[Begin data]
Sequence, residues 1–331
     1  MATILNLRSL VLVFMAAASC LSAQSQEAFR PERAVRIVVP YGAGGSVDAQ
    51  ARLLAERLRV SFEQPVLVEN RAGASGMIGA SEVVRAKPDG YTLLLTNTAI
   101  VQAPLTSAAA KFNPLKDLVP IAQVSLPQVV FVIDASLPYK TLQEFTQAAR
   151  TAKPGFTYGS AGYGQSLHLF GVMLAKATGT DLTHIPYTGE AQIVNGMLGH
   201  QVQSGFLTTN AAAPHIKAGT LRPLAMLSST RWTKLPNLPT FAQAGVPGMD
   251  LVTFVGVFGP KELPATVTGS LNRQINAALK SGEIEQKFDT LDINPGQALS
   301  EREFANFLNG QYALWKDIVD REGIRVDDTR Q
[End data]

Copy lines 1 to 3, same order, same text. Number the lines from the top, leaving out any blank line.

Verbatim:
Sequence, residues 1–331
     1  MATILNLRSL VLVFMAAASC LSAQSQEAFR PERAVRIVVP YGAGGSVDAQ
    51  ARLLAERLRV SFEQPVLVEN RAGASGMIGA SEVVRAKPDG YTLLLTNTAI